- Duke wins title: +$52.75
- Non-ACC team wins title: +$52.75
- Syracuse, FSU or Clemson wins title: -$422.25
And that was that. Math, analysis … incredibly funny jokes. I had it all.
And it’s a shame, really. You could have locked in a little profit more often than not. Or maybe dozens of people would beat you to it, and you’d be left with the price we have (as of Wednesday at noon ET), where instead of -211, the price is now -350 (and devoid of value).
That’s the lesson with playing props and futures. The markets are so small, a few thousand or even hundred dollars in the right situation, and poof, the price is gone. Even a small gust of wind can move a prop 10 cents.
But I said we had a happy ending to this story, and really that’s for two reasons. One is that the concept of Duke and the inverted middle can be applied to another prop as well.
But first, the real lesson here: betting props and futures isn’t always about what you think is really going to happen. You don’t always need to just pick the team you think will win the title, bet it, and cross your fingers. There are all kinds of ways to play these markets, and this just happens to be one of them (provided you get the price you want).
In that same prop market, here’s another set of prices to consider:
- Automatic bid team wins NCAA Tournament -142
- At-large team wins NCAA Tournament +124
This prop is less cut-and-dry than the previous one, but since I know you’re wondering which teams are left in each category, here they are:
- Automatic bid teams remaining: Kansas, Villanova, Michigan, Loyola, Kentucky, Gonzaga
- At-large bid teams remaining: Purdue, Duke, Texas Tech, West Virginia, Clemson, Nevada, Texas A&M, Kansas State, Florida State, Syracuse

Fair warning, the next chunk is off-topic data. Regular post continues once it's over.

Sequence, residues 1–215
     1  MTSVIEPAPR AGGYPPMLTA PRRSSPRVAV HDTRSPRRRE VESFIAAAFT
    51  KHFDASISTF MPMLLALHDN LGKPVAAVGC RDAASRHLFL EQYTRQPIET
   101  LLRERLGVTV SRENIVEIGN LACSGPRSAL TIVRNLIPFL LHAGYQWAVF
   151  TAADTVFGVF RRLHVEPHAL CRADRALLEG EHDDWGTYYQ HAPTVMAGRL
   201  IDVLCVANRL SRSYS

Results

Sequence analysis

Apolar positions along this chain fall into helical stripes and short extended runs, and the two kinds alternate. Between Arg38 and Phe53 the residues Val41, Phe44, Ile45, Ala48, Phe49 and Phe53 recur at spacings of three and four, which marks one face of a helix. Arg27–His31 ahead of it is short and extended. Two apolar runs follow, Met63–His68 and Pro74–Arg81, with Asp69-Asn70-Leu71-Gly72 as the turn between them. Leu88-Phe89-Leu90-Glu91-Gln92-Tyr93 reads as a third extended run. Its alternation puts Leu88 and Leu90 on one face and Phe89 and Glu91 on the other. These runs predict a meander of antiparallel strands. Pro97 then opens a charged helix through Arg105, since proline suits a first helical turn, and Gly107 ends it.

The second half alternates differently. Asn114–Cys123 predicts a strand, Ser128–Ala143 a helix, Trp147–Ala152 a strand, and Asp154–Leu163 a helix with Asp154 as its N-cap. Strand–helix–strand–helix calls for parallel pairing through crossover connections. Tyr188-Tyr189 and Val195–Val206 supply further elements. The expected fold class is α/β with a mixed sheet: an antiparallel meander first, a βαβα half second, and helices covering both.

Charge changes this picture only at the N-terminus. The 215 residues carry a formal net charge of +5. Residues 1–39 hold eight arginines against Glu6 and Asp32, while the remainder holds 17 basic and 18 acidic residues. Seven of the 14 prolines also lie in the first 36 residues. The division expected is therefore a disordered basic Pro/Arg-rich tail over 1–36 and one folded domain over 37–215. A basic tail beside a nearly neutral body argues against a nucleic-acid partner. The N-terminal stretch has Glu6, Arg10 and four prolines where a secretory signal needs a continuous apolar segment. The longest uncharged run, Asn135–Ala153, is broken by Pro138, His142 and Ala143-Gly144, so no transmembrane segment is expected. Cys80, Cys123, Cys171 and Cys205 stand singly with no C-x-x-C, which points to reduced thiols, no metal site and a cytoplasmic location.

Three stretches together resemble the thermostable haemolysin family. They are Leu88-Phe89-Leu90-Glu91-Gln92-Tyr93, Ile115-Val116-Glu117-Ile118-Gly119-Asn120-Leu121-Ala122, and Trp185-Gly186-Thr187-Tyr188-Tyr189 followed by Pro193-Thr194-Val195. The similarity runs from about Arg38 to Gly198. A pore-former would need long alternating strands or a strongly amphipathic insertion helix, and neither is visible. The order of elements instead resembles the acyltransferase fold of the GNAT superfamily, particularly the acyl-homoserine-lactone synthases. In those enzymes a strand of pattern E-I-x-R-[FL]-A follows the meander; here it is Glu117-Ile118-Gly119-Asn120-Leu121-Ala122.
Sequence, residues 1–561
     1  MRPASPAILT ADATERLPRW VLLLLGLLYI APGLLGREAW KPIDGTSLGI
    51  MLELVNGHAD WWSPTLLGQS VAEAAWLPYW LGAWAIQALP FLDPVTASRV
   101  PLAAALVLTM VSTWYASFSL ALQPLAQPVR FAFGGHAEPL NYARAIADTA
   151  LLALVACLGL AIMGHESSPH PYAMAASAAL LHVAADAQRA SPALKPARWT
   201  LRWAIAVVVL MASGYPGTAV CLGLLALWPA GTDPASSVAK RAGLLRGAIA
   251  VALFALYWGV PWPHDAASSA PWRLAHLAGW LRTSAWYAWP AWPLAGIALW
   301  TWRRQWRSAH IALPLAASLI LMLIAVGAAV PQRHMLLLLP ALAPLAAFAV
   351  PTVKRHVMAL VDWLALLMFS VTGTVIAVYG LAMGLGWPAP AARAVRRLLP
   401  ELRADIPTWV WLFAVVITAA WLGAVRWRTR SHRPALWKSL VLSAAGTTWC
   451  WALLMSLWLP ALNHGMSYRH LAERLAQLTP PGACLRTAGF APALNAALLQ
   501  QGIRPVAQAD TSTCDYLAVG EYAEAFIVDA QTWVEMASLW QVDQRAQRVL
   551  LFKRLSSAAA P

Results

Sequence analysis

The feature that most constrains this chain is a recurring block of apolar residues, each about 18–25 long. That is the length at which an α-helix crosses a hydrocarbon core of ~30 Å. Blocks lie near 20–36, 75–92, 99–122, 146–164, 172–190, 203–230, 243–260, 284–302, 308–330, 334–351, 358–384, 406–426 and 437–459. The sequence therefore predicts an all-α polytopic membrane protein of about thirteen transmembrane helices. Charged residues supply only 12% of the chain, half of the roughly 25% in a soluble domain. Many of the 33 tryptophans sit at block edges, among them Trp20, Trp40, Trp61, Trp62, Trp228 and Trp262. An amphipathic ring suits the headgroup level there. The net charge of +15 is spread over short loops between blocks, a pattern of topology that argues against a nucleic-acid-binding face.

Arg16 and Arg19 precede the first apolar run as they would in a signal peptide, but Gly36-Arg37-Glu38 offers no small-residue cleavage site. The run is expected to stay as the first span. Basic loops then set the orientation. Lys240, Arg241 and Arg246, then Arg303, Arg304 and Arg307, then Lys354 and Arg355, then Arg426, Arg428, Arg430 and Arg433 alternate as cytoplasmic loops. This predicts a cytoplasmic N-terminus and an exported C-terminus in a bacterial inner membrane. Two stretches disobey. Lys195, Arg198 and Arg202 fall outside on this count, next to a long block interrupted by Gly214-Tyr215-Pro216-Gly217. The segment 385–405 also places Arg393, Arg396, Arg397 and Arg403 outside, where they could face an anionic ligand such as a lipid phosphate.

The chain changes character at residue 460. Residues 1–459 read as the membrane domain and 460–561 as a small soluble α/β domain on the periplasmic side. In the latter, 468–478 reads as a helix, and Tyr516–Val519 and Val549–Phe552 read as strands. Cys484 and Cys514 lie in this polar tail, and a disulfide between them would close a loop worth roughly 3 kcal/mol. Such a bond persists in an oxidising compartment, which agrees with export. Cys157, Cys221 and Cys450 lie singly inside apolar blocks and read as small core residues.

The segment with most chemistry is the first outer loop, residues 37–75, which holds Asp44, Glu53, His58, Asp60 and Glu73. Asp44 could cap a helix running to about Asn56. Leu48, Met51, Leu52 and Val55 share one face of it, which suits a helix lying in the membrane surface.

You probably have all kinds of opinions on teams you like, based on analytics, or logic, or your alma mater. I am less interested in which specific team will win here, and more interested in how to create a group that I think can never lose.
And that is why I’d like Duke to switch sides.
If I get Duke to switch sides (by playing the Blue Devils to win the title, now at +380, in conjunction with “Automatic bid team wins” -142, for equal “to win” amounts) I think I’ve got something. I pay a heavy price, but I also think I almost never lose.
First off, I get the six favorites to win the title. The top six. I get them all. Duke, Villanova, Kansas, Gonzaga, Kentucky, Michigan. I also get the favorite to win all four regions right now.
Here’s where it gets even better. The three top choices on the “at-large” team list — Purdue, Texas Tech, and West Virginia — all play in the same region. So the number of truly dangerous teams I have to sweat when it gets to the Final Four is essentially one, or none (depending on how far Villanova goes in that same region). They are going to knock each other out, and there’s nothing anyone can do about it.
Now, the price I pay here isn’t nearly as heavy as prop #1 (I’m paying only -400 here), but my middle is much bigger. I need to fade a lot of teams winning the title (nine of them, actually). But how much risk is there, really, when I get every team I want on my side, and the top three choices on the other side knock each other out anyway?
If anything, this is yet another example of trying to think through these props using as many different philosophies as possible. This isn’t the only way to solve the problem, it’s just one of many ways. The inverted middle.
Unfortunately, they never said anything in “Ocean’s Eleven” about that either.
Top photo via Charles LeClaire-USA TODAY Sports